11 Great Study Skills for High School Students
AUG 20, 2016
It’s that time of the year again. Beach towels have gone back in the cabinet and school clothes are hanging crisply in the closet. Once the shiny freshness of the first few day of school wears off, it’ll be time to get down to business. This is especially true for students heading into high school, where their workload will get heavier, homework assignments will require more effort, and studying techniques will become much valuable and important.
At Sylvan Learning Center we understand that turning a good student into a great student is the direct result of effective study habits. High school is a vital time for your teen to learn these great study skills that can help them not only through secondary, but into college and beyond.
So here are 11 great study skills for your high school student to have a productive school year, and ultimately, to help them succeed in college.
1. Time Management
On top of school, there’s sports, extracurricular activities, family, social life, responsibilities, and a million other things that will require attention. High school is the perfect opportunity for your teenager to learn how to prioritize and properly manage their time. Plus, with the advent of technology, noting down important due dates and successfully planning a full day is a thousand times easier. Help your child learn to keep better track of their time in high school and watch the dividends pay off in college. Managing that free time is just as important as managing “busy” time.
2. Organization is Key
Tradition tells us that a planner, or even a journal, can be a valuable tool in organizing assignment due dates, appointments, and general “to do’s”. But as previously mentioned, smartphones and tablets are also a great apparatus to help get the job done in today’s tech driven world. Regardless of which system your teen decides to use, by organizing important dates, they will be better equipped to handle the pressures of high school, and won’t have any problems dealing with the heavy learning curve that secondary school can bring along. Review the planner with your high schooler at both the beginning and end of the day to make sure they are on track.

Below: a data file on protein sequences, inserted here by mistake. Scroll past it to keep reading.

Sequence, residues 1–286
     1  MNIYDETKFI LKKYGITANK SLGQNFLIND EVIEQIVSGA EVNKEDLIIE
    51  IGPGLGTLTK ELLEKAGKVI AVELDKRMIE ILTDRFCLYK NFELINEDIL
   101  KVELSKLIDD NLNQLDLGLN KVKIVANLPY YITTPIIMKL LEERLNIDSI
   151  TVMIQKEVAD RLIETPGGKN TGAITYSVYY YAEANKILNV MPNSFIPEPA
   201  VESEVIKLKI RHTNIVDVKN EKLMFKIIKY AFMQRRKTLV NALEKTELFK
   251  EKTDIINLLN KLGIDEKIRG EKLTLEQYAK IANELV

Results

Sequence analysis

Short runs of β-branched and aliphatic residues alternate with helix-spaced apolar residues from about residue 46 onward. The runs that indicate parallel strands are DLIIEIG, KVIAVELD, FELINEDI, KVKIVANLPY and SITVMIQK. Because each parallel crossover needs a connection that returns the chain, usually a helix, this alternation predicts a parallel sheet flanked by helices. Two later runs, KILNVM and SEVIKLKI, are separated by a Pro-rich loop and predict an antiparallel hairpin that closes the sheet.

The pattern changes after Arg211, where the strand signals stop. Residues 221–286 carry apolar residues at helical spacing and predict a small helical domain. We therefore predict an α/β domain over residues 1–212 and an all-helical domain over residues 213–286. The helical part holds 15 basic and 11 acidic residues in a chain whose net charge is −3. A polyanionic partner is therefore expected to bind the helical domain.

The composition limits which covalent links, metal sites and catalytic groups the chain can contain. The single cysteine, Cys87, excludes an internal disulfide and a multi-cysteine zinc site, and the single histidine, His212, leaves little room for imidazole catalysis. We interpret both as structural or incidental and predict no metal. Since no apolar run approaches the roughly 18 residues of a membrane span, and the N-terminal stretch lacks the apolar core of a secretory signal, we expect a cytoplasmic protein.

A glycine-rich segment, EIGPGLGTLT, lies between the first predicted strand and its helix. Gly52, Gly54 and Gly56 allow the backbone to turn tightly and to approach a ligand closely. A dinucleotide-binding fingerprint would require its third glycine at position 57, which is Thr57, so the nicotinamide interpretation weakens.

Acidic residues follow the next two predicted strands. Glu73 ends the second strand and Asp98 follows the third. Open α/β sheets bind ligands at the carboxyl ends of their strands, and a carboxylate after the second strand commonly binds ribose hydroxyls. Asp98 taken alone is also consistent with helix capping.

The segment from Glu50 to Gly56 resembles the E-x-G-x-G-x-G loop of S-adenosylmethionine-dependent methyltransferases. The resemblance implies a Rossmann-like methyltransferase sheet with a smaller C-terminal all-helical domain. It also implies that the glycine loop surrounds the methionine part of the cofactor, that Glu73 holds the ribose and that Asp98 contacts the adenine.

3. Develop a Study Plan
After organizing and noting down important test dates, students should have a better idea of the month’s layout. Once this information has been gathered, they should create a study plan that will provide them ample time to focus on the various subjects; especially in the area that they can use a little bit more study time. For instance, if math is their best subject, then your teen should spend about 15-20 minutes reviewing notes but if they’re struggling in chemistry, then naturally they’ll want to focus more time in this area. Also, think about utilizing a calendar that can go on the fridge where you can see it daily and help them set tasks for each day leading up to the due date or exam. Setting measurable goals is the key to success.
4. The Study Area
Sure, studying at the local coffee shop with friends while listening to music and trading funny memes might sound like a great studying time for your teenager, but at Sylvan Learning Center, we know better. The best advice we can give you is to have a study area somewhere in the house that is quiet, well lit, and has low-traffic. Your teenager will likely claim that they can only study effectively in front of a TV, listening to some tunes, while texting their friends, but these distractions won’t help them at all. A little classical music is ok, but you might want to do a “communications blackout” policy where no cell phones are allowed until schoolwork is done.
5. Hone Those Note Taking Skills